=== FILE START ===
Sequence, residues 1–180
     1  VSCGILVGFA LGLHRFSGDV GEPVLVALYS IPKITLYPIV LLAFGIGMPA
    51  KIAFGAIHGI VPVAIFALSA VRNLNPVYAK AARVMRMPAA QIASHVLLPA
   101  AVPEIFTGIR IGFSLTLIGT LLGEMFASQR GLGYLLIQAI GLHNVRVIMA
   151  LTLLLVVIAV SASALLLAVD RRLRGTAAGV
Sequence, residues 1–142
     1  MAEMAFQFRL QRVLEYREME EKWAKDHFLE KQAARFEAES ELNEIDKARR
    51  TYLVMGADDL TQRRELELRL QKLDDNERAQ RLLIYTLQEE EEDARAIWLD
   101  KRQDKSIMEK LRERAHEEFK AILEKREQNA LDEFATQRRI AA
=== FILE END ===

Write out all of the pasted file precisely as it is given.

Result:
Sequence, residues 1–180
     1  VSCGILVGFA LGLHRFSGDV GEPVLVALYS IPKITLYPIV LLAFGIGMPA
    51  KIAFGAIHGI VPVAIFALSA VRNLNPVYAK AARVMRMPAA QIASHVLLPA
   101  AVPEIFTGIR IGFSLTLIGT LLGEMFASQR GLGYLLIQAI GLHNVRVIMA
   151  LTLLLVVIAV SASALLLAVD RRLRGTAAGV
Sequence, residues 1–142
     1  MAEMAFQFRL QRVLEYREME EKWAKDHFLE KQAARFEAES ELNEIDKARR
    51  TYLVMGADDL TQRRELELRL QKLDDNERAQ RLLIYTLQEE EEDARAIWLD
   101  KRQDKSIMEK LRERAHEEFK AILEKREQNA LDEFATQRRI AA